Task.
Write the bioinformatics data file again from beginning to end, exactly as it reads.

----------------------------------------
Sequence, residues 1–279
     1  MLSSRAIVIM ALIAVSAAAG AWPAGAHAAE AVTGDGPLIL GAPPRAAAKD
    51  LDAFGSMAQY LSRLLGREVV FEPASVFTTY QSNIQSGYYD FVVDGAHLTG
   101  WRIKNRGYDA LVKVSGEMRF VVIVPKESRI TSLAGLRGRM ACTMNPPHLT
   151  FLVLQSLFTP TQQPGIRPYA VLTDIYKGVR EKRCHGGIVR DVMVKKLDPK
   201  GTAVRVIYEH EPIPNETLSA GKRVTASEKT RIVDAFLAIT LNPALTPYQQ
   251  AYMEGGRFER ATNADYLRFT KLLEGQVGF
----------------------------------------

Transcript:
Sequence, residues 1–279
     1  MLSSRAIVIM ALIAVSAAAG AWPAGAHAAE AVTGDGPLIL GAPPRAAAKD
    51  LDAFGSMAQY LSRLLGREVV FEPASVFTTY QSNIQSGYYD FVVDGAHLTG
   101  WRIKNRGYDA LVKVSGEMRF VVIVPKESRI TSLAGLRGRM ACTMNPPHLT
   151  FLVLQSLFTP TQQPGIRPYA VLTDIYKGVR EKRCHGGIVR DVMVKKLDPK
   201  GTAVRVIYEH EPIPNETLSA GKRVTASEKT RIVDAFLAIT LNPALTPYQQ
   251  AYMEGGRFER ATNADYLRFT KLLEGQVGF